The Lakers finish with a top-four record in the West and make it into the Western Conference semifinals where they are eliminated by the San Antonio Spurs because of Howard’s physical ailments.
The Houston Rockets are not potential suitors for the services of the three-time Defensive Player of the Year because of the contracts of James Harden and Pau Gasol. Ultimately, Howard re-signs with the Purple and Gold and Paul follows suit (both were free agents during the 2013 offseason).
The Lakers surprisingly dodge the declines of Gasol and Lamar Odom. Also, it’s difficult to state whether or not Bryant ruptures his Achilles, but in the event that such is the case, Brown’s group is more than equipped to deal with the 2-guard’s absence.
Paul enjoys a career season while Howard slowly but surely rediscovers his form and terrorizes opponents with his back-to-the-basket game and defensive brilliance. The tandem of Brown and Howard allows L.A. to flourish defensively and stay within striking distance of the third seed while Bryant rehabilitates his ruptured tendon.
What It Actually Is
David Stern’s veto ultimately led the Los Angeles Lakers down a path of moves that all made sense individually, but failed when grouped together.
Management desperately wanted to acquire a top-flight point guard, and the failure to land Chris Paul forced Kupchak to look elsewhere. His search took him to the desert where he pulled off a deal that brought Steve Nash to L.A. from the Phoenix Suns.
Nash’s age was an impediment, but the hope was that his body and skills would hold up while the Lakers made a few runs at the title. This has yet to materialize itself. Since joining the organization, the Canadian has yet to appear in a full season’s worth of games because his body has simply not allowed it.
Furthermore, the Lakers brought in Dwight Howard to eventually take over for Kobe Bryant when he retires, but ownership erred in their coaching search and hired a man incapable of placating Howard.
Dave McMenamin of ESPNLA has the particulars:
According to sources with knowledge of the situation, part of the discussion between Howard and Kupchak centered around Howard's frustration with D'Antoni -- particularly how the center felt marginalized as the coach looked to Bryant and Steve Nash for leadership and suggestions and discounted Howard's voice.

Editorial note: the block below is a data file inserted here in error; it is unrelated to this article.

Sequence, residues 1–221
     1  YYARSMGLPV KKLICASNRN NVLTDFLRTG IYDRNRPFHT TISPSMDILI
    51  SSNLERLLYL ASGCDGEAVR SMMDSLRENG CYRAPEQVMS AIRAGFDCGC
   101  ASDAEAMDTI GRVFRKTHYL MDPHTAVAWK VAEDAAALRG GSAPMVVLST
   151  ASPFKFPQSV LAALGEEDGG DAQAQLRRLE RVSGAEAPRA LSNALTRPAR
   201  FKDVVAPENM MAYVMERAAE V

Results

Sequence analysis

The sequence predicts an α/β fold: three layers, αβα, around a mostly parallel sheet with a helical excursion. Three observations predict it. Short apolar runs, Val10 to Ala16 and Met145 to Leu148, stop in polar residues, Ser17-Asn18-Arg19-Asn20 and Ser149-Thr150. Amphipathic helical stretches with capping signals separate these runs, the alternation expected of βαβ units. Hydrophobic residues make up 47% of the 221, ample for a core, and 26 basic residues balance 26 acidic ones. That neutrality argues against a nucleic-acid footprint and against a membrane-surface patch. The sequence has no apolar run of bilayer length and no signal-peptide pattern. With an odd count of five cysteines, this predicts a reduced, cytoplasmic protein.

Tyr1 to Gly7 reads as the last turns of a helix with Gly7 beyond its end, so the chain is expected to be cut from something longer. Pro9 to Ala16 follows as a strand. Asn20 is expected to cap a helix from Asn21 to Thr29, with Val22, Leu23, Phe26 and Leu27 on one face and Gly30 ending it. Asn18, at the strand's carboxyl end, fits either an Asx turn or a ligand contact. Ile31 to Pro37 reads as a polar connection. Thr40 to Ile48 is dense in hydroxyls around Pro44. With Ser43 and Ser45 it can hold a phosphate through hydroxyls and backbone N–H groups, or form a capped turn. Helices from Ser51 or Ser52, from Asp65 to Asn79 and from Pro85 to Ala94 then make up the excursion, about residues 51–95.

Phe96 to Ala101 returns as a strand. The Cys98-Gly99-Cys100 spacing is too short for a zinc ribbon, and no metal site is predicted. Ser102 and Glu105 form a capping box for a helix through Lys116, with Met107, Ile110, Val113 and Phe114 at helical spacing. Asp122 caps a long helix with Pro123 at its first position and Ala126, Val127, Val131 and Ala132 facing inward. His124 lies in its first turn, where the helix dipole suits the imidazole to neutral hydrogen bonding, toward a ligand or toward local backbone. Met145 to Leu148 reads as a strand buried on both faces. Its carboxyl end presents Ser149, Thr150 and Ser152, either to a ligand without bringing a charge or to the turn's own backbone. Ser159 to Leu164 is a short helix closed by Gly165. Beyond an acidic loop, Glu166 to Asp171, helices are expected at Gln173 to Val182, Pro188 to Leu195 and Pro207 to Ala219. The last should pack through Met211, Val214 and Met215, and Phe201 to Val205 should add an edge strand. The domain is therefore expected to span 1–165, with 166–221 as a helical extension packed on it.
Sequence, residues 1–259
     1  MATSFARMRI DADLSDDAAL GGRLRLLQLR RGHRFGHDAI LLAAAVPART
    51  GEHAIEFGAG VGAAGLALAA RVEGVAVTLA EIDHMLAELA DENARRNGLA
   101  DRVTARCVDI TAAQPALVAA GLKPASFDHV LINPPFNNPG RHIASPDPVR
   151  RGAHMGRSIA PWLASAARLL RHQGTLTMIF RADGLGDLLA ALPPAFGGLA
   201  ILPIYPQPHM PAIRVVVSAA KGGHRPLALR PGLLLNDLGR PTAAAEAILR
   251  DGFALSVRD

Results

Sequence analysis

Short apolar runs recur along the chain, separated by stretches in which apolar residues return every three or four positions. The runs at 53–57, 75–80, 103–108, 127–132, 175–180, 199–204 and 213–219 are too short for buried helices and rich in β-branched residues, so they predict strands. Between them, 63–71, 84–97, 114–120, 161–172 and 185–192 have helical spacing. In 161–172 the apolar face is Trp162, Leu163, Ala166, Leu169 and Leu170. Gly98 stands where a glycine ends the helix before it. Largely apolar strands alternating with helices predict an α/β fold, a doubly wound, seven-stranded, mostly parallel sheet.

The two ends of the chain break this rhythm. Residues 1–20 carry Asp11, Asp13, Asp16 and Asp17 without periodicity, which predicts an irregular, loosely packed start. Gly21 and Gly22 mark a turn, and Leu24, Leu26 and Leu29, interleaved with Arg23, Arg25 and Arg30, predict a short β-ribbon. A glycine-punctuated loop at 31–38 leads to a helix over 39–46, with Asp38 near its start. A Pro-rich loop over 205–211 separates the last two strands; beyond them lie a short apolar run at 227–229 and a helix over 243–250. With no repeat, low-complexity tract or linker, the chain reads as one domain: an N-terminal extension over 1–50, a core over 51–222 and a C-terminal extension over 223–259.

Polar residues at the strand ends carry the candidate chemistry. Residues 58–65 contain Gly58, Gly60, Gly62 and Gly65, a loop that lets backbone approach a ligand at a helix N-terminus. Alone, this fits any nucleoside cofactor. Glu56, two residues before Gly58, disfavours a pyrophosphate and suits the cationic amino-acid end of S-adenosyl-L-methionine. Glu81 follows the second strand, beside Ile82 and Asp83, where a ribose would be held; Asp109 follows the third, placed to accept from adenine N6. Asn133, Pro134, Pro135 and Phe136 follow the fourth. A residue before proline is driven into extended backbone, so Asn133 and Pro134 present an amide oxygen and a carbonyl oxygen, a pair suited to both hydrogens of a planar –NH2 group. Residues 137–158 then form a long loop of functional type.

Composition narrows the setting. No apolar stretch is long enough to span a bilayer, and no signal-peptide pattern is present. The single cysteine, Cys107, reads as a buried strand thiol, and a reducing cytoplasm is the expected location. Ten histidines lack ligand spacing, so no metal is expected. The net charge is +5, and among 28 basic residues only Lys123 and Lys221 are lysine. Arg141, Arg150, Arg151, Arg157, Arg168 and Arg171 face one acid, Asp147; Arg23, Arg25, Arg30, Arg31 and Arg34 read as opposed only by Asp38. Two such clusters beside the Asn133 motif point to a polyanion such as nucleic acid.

The former Orlando Magic superstar departed during the offseason and joined a Houston Rockets team that possessed the needed cap room to sign him away from Los Angeles.
Howard’s defection opened up the door for Pau Gasol to play his natural position of center once again with the Lakers. The Spaniard struggled alongside Howard because he was relegated to the perimeter and therefore, the assumption was that Gasol would bounce back with the former dunk champion in Houston.
Instead, Gasol’s game has taken a huge dive. His two worst seasons to date have occurred under the watch of Mike D’Antoni and also, it would appear that Gasol’s commitment to L.A. has become a thing of the past.
Bleacher Report’s Kevin Ding has the details:
Yes, it’s always dicey to question the legitimacy of a player’s health absence, but considering Gasol was able to hit the weight room at Lakers shootaround Sunday morning before still skipping the Lakers’ loss Sunday night, it’s pretty safe to say he’s not hospitalized with his throat closing shut on the far end of that infection spectrum.
That leaves the Lakers with essentially nothing in terms of assets and talent. Bryant’s body appears to be suffering the same fate as Nash’s, which in turn has given the Lakers’ projected starting backcourt the opportunity to show fans their best suits.
With their top-three players either sidelined or spiritually broken, the Lakers are stuck showcasing rotation players that will likely not be part of the team in the future.
Nash, Bryant and Robert Sacre are the only players with guaranteed contracts beyond this season. Thus, D’Antoni is highlighting athletes that are looking for hefty pay increases either from the Lakers themselves or other organizations.
Given that Los Angeles might be looking to cut costs going forward, it’s quite likely that Kupchak will not be breaking the bank to retain any of the Lakers’ free agents.
The Purple and Gold now stands at a crossroads with the 2014 summer approaching. In the event management can convince great free agents to make the switch to Hollywood, the Lakers will have bounced back from a dark period and once again fielded a competitive team.
Nonetheless, the club still will not be as good as the one that would be winning games for the Lakers this year and in subsequent seasons had Stern allowed the Lake Show to keep Paul.
The commissioner set back the franchise for years to come and has managed to avoid blame for the most part. Buss has been under fire for some questionable moves such as hiring D’Antoni, but in truth, his decisions have all been in reaction to Stern’s gavel stomp.
Like the new article format? Send us feedback!